Blue Heron students Ian Rose and Tommy Magee retained their laser-like focus on their robots, small enough to fit in their palms with room to spare, as they applied different colors of magic markers …
Blue Heron students Ian Rose and Tommy Magee retained their laser-like focus on their robots, small enough to fit in their palms with room to spare, as they applied different colors of magic markers to blank white sheets of paper to direct the tiny robots’ paths.
“They react to different colors by doing different things,” Rose said, before laughing and telling Magee, “I drew lines to trap your robots.”
Although Rose had never worked with these robots before, he liked that they were “kind of smart,” since “it knows there’s a line drawn under it, and it knows what each color means.”
While Rose seemed to appreciate his robots’ relative autonomy, fellow Blue Heron student Alex McMahon welcomed the measure of control he had over the slightly larger robots in his corner of the room, which he compared to the gyroscopic spheres in “Jurassic World.”
“I’ve always been a bit of a techie,” McMahon said. “I like being able to remotely operate a vehicle without being inside of it. You wouldn’t have wanted to be inside the spheres in ‘Jurassic World,’” he added, laughing.
“And there’s an app for your phone that you can use to connect to it,” added Aidan Nichols, as he and classmate Benja Greene helped themselves to slices of the multiple pizzas that had been ordered for the event.
“Yeah, do you want to try this?” McMahon asked The Leader reporter.
Even though it was more than two hours after the close of the school day, on a particularly dark winter Tuesday, the Blue Heron Middle School library was buzzing with roughly 75 students, parents and adult mentors for coding night Dec. 10, as part of the Port Townsend Public Library’s second annual “Hour of Code” week.
Hilary Verheggen, youth services manager for the Port Townsend Public Library, credited the success of the event to the collaboration with Joy Wentzel, district librarian for the Port Townsend schools, and the volunteer members of the Port Townsend Think and STEM clubs, as well as PT Library Coding Club organizer Gage Pacifera.
“We decided to pool our efforts for one big night of coding,” Verheggen said. “We also worked with teachers and administrators from both organizations, in order to make this night happen. We had an amazing turnout, and everyone was incredibly engaged.”
Seventh-grader Claire Porter was joined by her mother, Nelia Swayze, at a laptop, attempting to set up the connections so that touching a given object — in this case, a lump of Play-Doh — would be recognized by the computer in the same way as striking a key on a keyboard.
Porter is already involved in STEAM (Science, Technology, Engineering, Art and Math), and welcomes the opportunity for extra credit that the evening of coding would provide, but she also enjoys “robot and coding stuff” for its own sake.
“The kind of things we’re able to do now wouldn’t have been possible 10 years ago,” Porter said. “Coming here tonight gives me access to robots and other materials that I wouldn’t have otherwise.”
Swayze noted the evening’s event advertised itself as an opportunity for all ages to learn more about coding.
“I’d like to know at least as much as my daughter,” Swayze said. “It gives me a chance to explore things I’m not as familiar with.”
Tim Finer and David Ehnebuske were two of the adults from the PT Tinker Club who guided students including Jordan Bowman through hands-on lessons on subjects such as circuitry.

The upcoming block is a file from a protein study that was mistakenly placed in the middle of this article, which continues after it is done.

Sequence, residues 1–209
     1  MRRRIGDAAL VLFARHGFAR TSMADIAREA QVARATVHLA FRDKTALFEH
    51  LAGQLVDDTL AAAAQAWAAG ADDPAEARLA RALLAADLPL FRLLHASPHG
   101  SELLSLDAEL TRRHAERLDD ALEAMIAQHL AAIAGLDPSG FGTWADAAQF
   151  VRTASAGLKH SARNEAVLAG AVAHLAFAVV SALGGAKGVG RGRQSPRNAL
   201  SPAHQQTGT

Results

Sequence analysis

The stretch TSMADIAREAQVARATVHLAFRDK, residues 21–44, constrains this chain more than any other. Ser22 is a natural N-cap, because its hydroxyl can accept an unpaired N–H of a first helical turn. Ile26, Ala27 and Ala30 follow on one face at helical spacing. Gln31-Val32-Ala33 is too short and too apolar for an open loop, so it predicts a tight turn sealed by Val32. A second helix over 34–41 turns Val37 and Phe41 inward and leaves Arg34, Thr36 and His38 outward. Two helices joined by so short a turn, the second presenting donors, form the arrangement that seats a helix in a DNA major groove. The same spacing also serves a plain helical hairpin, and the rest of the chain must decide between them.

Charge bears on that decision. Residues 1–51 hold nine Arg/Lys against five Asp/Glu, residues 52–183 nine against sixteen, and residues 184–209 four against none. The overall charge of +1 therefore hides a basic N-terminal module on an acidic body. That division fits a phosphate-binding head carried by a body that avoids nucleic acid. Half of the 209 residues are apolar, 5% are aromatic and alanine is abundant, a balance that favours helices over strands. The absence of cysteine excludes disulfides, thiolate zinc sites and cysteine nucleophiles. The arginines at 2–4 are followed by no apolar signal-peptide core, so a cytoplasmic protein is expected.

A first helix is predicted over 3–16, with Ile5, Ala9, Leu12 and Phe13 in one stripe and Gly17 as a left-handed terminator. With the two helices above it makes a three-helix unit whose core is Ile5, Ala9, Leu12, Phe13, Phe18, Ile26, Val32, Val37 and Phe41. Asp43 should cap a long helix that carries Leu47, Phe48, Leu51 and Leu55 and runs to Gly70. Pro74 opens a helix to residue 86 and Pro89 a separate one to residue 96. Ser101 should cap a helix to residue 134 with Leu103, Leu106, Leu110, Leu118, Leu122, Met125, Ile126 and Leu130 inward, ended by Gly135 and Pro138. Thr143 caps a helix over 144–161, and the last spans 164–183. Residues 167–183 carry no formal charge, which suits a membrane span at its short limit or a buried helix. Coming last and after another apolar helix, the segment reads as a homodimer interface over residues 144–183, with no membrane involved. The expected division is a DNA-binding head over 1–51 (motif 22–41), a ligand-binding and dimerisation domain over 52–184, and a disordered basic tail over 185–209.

“I’m trying to make it so that, when I press the button, the light goes off,” said Bowman, who’d hit a bit of a snag.
“We’re attempting to debug it,” Finer chuckled. “We’re using another model of the circuit as a reference, along with a set of schematics.”
While Bowman remains unsure what career he might pursue as an adult, he expressed confidence that, “whatever I’ll be doing, I know I’ll be using electronics,” for which reason alone he deemed the night of coding to be useful.
As for Finer, he hopes to help students such as Bowman avoid his own youthful mistakes.
“Back when I was their age, I didn’t know this was a possibility as a career field, so it’s like I’m going back in time,” said Finer, who also agreed that the technology of today would have seemed like the stuff of science fiction during his youth.
“If you don’t understand it, it’s just magic,” Ehnebuske said. “If you do understand it, it’s just technology. Too many people treat this stuff like it’s magic. Personally, I think it’s more fun to be the magician than the audience.”
Verheggen touted the value of such programs for encouraging students to learn “21st century skills through communication, collaboration, critical thinking and creativity,” all while having fun and eating pizza.
“Planning a series of events, all in one week, is really great,” Verheggen said. “It allows us to really delve into different aspects of technology and coding. Even within one theme, we have a lot of activities — some with screen time, some without — so that there’s something for everyone.”
Verheggen expects the Port Townsend Public Library to repeat its Summer Coding Club, as part of its 2020 Summer Reading Program.
Verheggen added the Port Townsend Public Library and School District partner on other programs, including “Lunch at Your Library” once a month at Port Townsend High School and Blue Heron Middle School, and “Salish Library After Hours” from 1 p.m. to 3 p.m. on early-release Wednesdays.
During the latter, Verheggen and Derec Velez, a para-educator at Salish Coast Elementary, check out books, lead crafts, tinker with straws and connectors and Snap Circuits, and occasionally have special guest presenters.
“We’re just finishing up our pilot program, and will start back up on Jan. 22,” Verheggen said.